A new coffee kit can make cold brew on the go in less than 4 hours

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Clinton Nguyen/Business Insider

Cold brew – the less acidic and more slowly steeped sibling of iced coffee – has become widely popular over the past few years. Many coffee chains, including Starbucks and even Dunkin’ Donuts, have started serving their own cold brew, even going so far as to inject the brew with nitrogen for an extra kick.

Behind every $3-4 cup, there’s a long process that usually involves soaking grounds in lukewarm or cold water for 10 to 16 hours. That brewing process can be done by placing a nut bag in a pitcher or using a big toddy system, but neither of those are particularly portable.

If you’re looking for a cold brew maker that you can keep in an office kitchen or shared fridge (without feeling obstructive), a newly released brewing device called the Dripo takes up the same space as a tall Thermos.

The three-part cold brew coffee maker was released in July, and measures around 16 inches tall. It costs a reasonable $29.95 on Amazon. Here’s how it works.


Instead of submerging the grounds in water as most cold brew kits do, the Dripo works by slowly dripping water on top of the grounds. This saturates the grounds so the coffee drains drop by drop into the cup below. It’s a technique that’s been used for a while, though rarely on such a small scale.

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Clinton Nguyen/Business Insider

The Dripo comes in three parts. You fill the reservoir on top with lukewarm or cold water. Coffee grounds go in the middle chamber, which holds a stainless steel filter, and the mug on the bottom catches the brewed coffee.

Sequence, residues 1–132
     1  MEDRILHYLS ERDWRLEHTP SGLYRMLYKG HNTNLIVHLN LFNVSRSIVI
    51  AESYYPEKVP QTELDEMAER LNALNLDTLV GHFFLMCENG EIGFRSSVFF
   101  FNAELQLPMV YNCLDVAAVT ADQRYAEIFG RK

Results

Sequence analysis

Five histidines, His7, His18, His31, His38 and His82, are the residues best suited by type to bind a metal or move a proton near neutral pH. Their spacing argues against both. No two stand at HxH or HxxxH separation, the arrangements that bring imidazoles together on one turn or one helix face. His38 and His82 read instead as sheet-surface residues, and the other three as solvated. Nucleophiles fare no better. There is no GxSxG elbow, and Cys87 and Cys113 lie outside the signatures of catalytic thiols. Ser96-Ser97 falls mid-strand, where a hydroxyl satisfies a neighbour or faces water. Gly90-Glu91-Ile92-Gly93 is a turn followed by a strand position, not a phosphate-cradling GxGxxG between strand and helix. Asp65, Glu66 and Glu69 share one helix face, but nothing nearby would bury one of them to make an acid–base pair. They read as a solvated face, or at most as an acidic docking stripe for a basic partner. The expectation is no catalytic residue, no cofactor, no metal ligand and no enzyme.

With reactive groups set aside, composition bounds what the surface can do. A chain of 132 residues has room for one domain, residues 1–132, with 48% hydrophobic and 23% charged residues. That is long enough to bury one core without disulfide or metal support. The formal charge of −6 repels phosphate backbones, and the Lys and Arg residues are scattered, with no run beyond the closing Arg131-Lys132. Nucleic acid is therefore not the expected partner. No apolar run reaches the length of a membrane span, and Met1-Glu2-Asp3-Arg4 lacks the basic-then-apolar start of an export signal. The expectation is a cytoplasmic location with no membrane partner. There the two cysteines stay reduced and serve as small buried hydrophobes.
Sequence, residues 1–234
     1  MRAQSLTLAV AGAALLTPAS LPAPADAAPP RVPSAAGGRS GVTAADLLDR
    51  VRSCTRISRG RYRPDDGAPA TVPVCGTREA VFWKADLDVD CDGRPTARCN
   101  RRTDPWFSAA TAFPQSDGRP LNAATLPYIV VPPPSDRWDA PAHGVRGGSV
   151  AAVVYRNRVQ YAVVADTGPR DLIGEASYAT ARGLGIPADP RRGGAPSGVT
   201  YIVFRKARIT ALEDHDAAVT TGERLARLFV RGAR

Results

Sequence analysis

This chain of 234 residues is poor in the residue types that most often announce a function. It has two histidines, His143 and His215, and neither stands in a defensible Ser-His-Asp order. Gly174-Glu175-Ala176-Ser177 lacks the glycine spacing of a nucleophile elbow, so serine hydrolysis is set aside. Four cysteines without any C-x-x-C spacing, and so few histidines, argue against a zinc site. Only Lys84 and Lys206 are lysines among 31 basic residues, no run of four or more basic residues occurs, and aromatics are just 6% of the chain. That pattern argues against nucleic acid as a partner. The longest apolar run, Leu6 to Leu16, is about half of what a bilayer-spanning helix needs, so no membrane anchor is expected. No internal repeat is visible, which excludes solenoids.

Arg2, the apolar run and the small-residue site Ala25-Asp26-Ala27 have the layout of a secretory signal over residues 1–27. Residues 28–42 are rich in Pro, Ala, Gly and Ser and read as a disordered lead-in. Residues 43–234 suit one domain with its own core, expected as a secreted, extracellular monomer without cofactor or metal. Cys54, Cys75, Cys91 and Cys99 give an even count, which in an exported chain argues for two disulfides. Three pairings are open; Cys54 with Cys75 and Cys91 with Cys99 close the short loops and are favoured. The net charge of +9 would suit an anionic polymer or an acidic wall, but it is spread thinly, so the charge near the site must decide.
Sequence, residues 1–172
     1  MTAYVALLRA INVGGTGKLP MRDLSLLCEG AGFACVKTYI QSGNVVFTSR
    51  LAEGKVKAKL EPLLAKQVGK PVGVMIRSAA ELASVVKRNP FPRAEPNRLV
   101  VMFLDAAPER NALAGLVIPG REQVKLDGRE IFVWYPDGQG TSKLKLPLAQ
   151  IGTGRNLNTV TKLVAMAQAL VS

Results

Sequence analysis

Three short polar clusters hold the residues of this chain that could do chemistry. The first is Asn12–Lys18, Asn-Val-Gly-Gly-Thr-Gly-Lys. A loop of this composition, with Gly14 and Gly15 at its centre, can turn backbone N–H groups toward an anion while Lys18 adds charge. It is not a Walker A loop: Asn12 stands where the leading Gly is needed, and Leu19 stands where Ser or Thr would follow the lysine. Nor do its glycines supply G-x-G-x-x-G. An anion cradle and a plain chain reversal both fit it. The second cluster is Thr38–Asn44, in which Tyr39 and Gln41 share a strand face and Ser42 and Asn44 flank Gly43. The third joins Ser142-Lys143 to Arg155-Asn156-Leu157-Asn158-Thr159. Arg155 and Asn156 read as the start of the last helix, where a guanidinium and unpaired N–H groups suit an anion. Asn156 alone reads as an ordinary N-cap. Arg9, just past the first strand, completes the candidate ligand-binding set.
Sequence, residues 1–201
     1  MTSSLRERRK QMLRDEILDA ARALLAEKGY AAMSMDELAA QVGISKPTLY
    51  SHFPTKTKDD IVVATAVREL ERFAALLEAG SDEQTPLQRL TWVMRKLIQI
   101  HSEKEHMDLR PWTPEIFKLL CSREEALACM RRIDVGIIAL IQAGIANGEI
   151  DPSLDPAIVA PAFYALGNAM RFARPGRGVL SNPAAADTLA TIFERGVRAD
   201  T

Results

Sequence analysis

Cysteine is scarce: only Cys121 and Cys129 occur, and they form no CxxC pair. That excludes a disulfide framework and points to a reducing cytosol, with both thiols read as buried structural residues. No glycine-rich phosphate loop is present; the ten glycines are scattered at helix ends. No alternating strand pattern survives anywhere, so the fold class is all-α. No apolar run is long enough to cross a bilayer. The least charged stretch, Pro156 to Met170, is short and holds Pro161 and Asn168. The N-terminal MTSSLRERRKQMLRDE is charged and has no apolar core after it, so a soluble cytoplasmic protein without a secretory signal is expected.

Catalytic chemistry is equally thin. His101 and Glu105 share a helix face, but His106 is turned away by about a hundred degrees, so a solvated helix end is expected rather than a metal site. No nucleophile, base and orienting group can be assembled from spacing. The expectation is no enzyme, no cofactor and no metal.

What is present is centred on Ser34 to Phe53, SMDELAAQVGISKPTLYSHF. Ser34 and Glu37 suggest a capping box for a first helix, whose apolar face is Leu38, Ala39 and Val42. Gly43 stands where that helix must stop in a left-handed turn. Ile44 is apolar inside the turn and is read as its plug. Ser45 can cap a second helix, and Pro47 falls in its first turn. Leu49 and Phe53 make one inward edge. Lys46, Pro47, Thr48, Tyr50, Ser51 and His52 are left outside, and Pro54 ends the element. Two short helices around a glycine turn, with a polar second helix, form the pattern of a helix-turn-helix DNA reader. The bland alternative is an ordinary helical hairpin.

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Clinton Nguyen/Business Insider

The Dripo’s coffee chamber has markings to help you measure the right amount of grounds. Dripo recommends using 30 grams.

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Clinton Nguyen/Business Insider

The instructions also recommend using medium-ground coffee. When I gave it a try, however, I used more coarse grounds, like those you’d put in a French press.

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Clinton Nguyen/Business Insider

Once I put the grounds in, I placed a paper filter on top of them, since that helps distribute the water more evenly through them. The Dripo comes with a set of filters.

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Clinton Nguyen/Business Insider

After that, I filled in the top reservoir with ice water and screwed it in. The Dripo advertises a 2.5-hour brew, but it actually took about 4 hours for the coffee to to fully brew, since I filled the water to the top, and the drip hole kept blocking up.

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Clinton Nguyen/Business Insider

The coffee that eventually brewed, however, was smooth and flavorful. It still took a long time to get a single cup, so coffee lovers might be better off getting a full cold brewing kit and letting it sit overnight. But if you’re constantly on the go, the Dripo is an unobtrusive and simple option.

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Clinton Nguyen/Business Insider